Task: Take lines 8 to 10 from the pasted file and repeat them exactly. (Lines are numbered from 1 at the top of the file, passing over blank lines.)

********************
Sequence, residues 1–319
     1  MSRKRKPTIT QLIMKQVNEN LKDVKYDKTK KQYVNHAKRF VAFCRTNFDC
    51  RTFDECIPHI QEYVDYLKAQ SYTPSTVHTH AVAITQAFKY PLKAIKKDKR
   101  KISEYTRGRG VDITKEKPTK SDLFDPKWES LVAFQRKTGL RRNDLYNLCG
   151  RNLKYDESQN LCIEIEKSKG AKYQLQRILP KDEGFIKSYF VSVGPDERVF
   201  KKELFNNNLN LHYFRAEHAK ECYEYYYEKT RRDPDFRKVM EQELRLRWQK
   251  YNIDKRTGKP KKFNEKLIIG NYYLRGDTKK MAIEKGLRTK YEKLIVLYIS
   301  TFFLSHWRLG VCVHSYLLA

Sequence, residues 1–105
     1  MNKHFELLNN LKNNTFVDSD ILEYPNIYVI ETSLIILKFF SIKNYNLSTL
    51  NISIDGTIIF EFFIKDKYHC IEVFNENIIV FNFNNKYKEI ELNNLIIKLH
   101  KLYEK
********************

   301  TFFLSHWRLG VCVHSYLLA

Sequence, residues 1–105
     1  MNKHFELLNN LKNNTFVDSD ILEYPNIYVI ETSLIILKFF SIKNYNLSTL